Election hustings: Labour's £6K fees pledge debated

But Liam Byrne insists graduate tax is still ‘long-term policy’ for party

March 3, 2015

Ed Miliband and Labour still see a graduate tax as the right “long-term” policy for university funding despite announcing £6,000 fees as their short-term goal, according to Liam Byrne.

The shadow universities, science and skills minister was speaking alongside Greg Clark, the Conservative universities and science minister, and Lib Dem MP and University of Cambridge academic Julian Huppert at an election hustings event on higher education last night.

The event, held in central London, was hosted by Times Higher Education, Universities UK, the Open University and the Higher Education Policy Institute.

The event was the first clash between the Tories, Labour and the Lib Dems since Labour’s unveiling of its pledge to lower fees to £6,000 on February, which looks likely to make higher education a central element of the election campaign.

Mr Clark accused Labour of adopting an “unprogressive” policy that benefitted high-earning graduates, while Mr Huppert said that ultimately he would like fees to be abolished.

Mr Byrne claimed the Tories and Lib Dems had failed to be clear on what fees policies they would adopt. “I don’t think the Liberal Democrats or the Conservatives have said definitely that fees will not rise in the next Parliament,” he said.

The Labour shadow minister argued that “the status quo is not an option”, claiming that the £9,000 student loans system would result in £280 billion being added to the national debt by 2030.

He added: “I know that there are many people in the higher education sector who would like the current system to stay. But I have to say to you it would be criminally naïve to ignore the time bomb that’s about to go off.”

Mr Byrne also said: “A number of us are incredibly inspired by those campaigning for free education on campuses up and down the country. But I think we all know from the last election campaign that it isn’t wise to make promises that you can’t keep. That’s why, although we can’t promise free education over the course of the next Parliament, we do think the right long-term shift is to a graduate tax.”

He said Labour had not committed to a graduate tax because “we weren’t sure we could deliver it in the next Parliament”.

Challenged on Mr Miliband’s advocacy of a graduate tax during his leadership campaign, Mr Byrne said: “He still thinks it’s the right long-term answer.”

Mr Clark said on Labour’s fees policy: “I’m sorry that we have ended up with a disagreement…because I do think universities have benefitted from the confidence and stability that’s come from the fees system.”

He said the Institute for Fiscal Studies had said of Labour’s £6,000 policy that it “would benefit the highest earning graduates when they are in their 40s” and “put universities back on the dependence of an annual handout from the Treasury”.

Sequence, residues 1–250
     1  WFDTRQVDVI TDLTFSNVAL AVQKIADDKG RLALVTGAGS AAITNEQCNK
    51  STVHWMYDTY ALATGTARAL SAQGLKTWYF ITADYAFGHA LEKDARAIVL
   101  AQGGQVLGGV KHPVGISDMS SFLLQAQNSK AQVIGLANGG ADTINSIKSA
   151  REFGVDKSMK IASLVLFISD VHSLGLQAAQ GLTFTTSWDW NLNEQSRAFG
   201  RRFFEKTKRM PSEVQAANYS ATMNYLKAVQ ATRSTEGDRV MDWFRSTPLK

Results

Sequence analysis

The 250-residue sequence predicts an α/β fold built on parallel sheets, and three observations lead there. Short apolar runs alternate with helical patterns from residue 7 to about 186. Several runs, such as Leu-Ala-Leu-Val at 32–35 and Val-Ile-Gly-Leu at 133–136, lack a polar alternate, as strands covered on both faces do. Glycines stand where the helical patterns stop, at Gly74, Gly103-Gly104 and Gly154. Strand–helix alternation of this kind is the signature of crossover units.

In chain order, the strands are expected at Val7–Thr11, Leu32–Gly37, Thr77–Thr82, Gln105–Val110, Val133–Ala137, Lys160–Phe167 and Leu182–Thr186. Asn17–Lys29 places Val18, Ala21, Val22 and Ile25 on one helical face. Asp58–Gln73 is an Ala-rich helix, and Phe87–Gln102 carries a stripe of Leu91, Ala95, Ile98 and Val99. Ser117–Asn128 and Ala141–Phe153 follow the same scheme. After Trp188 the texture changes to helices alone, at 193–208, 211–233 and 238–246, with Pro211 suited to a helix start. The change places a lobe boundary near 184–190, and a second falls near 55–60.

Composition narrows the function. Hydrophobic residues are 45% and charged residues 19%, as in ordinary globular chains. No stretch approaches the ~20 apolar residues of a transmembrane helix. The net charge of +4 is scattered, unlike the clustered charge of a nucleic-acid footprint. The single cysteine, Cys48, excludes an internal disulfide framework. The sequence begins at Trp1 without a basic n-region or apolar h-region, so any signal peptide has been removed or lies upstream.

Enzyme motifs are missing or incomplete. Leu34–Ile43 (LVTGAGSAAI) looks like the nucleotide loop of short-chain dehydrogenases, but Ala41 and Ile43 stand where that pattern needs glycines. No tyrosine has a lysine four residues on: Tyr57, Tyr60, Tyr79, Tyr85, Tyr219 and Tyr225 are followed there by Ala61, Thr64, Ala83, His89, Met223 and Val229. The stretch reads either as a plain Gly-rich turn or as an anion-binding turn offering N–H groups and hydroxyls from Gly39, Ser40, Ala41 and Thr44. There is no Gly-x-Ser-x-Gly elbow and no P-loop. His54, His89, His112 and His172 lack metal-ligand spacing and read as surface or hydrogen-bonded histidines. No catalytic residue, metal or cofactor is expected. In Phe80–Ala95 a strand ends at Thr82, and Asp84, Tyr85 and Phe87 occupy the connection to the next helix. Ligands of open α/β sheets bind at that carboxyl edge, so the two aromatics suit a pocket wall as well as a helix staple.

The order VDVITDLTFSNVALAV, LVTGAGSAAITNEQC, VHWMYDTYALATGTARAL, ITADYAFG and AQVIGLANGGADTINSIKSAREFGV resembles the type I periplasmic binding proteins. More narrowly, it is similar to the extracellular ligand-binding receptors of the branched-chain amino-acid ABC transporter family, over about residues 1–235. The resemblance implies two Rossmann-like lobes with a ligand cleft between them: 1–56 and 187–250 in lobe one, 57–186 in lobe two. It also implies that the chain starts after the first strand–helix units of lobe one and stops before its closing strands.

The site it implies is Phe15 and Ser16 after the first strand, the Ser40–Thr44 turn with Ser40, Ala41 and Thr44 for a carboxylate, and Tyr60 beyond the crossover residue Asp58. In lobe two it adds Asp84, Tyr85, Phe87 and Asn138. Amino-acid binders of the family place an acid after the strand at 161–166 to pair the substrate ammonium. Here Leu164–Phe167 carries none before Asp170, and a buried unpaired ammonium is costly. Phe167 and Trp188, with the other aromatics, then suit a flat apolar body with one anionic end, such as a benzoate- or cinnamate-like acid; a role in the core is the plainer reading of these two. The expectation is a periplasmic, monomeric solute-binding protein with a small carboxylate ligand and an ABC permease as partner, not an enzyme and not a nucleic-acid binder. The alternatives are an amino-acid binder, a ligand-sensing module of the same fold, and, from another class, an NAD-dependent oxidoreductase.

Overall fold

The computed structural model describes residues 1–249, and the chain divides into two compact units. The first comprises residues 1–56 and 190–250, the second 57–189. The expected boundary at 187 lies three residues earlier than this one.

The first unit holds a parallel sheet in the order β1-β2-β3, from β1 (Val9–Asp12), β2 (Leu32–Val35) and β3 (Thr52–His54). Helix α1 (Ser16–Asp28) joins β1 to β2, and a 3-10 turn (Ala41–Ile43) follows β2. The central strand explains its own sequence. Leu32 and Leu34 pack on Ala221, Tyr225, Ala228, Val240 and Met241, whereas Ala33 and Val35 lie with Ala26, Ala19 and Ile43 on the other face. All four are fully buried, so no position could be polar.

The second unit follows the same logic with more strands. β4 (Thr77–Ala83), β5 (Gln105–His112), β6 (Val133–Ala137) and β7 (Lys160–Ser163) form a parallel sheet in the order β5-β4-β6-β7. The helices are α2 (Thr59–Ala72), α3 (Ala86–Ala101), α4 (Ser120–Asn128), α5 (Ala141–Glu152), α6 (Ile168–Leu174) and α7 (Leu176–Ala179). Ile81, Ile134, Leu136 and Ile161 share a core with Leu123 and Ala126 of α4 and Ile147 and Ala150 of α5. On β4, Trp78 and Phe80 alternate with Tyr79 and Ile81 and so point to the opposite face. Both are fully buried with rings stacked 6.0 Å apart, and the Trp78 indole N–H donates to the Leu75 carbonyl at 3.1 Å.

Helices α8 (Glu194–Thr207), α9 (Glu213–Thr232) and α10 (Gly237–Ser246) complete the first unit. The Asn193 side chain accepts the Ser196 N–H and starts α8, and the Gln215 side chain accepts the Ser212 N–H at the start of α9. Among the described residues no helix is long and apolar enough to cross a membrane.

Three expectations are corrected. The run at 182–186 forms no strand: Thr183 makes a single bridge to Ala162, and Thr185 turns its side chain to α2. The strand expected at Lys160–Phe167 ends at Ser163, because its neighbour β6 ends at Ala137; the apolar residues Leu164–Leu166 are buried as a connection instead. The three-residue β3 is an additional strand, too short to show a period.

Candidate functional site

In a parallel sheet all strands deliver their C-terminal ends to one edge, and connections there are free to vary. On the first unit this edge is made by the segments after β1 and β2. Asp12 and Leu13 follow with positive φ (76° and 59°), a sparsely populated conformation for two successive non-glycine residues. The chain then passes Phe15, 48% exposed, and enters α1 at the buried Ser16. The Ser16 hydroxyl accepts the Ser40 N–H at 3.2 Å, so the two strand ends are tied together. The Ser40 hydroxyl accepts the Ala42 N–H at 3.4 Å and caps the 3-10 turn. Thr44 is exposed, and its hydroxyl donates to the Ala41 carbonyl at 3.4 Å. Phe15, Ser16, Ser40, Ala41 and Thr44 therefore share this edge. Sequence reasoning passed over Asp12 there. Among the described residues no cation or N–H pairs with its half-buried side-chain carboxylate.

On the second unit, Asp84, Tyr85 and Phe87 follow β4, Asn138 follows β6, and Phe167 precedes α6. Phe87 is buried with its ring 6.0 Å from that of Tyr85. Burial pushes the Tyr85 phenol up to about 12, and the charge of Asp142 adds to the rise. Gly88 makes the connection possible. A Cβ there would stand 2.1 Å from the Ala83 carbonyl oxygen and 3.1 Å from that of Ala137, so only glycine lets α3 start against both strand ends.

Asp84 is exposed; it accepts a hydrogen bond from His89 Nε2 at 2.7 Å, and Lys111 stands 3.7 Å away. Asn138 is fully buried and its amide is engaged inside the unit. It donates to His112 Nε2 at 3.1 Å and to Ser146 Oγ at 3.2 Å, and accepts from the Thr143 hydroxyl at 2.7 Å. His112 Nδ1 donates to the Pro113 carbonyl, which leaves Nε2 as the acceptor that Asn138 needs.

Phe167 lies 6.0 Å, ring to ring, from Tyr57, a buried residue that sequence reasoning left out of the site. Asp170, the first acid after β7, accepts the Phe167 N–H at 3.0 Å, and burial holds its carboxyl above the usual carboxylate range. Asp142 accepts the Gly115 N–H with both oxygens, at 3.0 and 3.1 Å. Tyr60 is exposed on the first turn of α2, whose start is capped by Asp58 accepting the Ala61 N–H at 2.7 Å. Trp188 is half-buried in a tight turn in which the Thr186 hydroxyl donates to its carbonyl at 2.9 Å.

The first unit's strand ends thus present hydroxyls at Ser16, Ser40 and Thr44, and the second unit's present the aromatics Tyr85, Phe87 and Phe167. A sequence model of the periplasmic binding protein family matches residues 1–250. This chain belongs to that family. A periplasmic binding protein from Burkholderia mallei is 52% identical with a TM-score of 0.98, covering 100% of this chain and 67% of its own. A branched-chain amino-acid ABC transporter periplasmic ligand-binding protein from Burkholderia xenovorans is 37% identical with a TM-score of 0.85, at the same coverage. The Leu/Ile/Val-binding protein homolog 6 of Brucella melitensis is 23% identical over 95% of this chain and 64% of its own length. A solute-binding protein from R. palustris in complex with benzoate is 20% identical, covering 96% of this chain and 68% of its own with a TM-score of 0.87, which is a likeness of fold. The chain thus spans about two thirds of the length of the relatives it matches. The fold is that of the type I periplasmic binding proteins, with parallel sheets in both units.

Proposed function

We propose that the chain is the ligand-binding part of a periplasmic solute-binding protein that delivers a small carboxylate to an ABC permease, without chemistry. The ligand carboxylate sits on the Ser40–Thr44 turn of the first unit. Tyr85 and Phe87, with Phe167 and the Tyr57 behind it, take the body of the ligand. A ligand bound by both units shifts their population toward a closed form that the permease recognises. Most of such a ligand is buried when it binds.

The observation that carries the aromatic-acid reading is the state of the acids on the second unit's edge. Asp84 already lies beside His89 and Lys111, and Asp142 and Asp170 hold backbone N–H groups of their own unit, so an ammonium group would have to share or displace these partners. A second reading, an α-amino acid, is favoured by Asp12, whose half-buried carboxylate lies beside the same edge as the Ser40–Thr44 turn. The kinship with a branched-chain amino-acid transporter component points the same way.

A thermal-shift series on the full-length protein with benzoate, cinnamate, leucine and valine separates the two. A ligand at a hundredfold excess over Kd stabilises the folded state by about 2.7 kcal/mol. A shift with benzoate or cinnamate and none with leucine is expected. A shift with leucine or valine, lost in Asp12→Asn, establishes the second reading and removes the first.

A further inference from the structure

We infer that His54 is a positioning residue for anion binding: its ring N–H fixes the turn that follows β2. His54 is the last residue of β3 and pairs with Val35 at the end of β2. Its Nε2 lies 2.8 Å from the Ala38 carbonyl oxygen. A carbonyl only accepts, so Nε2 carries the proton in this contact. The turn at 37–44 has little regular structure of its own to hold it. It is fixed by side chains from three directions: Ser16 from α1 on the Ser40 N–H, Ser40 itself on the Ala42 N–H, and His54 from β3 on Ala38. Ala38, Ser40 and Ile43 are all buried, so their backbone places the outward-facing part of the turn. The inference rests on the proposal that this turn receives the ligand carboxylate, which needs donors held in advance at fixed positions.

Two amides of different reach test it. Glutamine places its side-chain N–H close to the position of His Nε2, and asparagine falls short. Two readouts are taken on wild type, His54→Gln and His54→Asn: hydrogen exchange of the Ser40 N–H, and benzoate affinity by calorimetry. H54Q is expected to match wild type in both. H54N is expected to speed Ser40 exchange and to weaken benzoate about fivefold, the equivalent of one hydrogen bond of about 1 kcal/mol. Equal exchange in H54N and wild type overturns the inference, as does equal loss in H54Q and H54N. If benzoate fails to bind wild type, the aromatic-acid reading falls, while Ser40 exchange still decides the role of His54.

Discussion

Mr Clark said the Organisation for Economic Cooperation and Development had praised the English system for having “figured out a sustainable approach to higher education funding…I think we should keep faith with that”.

Mr Huppert said: “The fee cap I would like to see is zero.” He continued that he would want higher education to be fully publicly funded, “but I simply don’t know how to get funding for that, because I would not do so if it meant destroying the quality of education”.

He argued that the question was “if you can’t achieve that, what should you do with the money”. The answer was to “put money towards the cost of living…that is the thing that will get rid of the barriers students actually face”.

Criticising Labour’s £6,000 policy, Mr Huppert said: “The money that is available, I would not use it preferentially to help students who will go on to make lots of money. I would use it to help students at the same time they need it.”

Mr Byrne challenged Mr Huppert: “What will you propose? What will be in the manifesto?”

The Lib Dem MP replied: “You’ll have to wait and see.”

Baroness Lane-Fox, chair of the event and Open University chancellor, asked the audience at the close at the event which of the three politicians had delivered the most effective answers. She judged the resulting audience vote as being a “landslide” for Labour.


Reader's comments (1)

Three key points. First, to say that universities have benefited from the current funding system is not the same as saying that students have benefited from it. The fact is that student fees are subsidising research that has little or nothing to do with the student experience. Second, most leading European countries do not charge fees because they see higher education as a public good. The American model is not the only choice we have before us, even though many VC's would like us to adopt it. Third, the present system is unsustainable anyway and will have to be changed. There is no reason other than an ideological one why universities shouldn't be directly funded by government and paid for through taxation, including perhaps a graduate tax.

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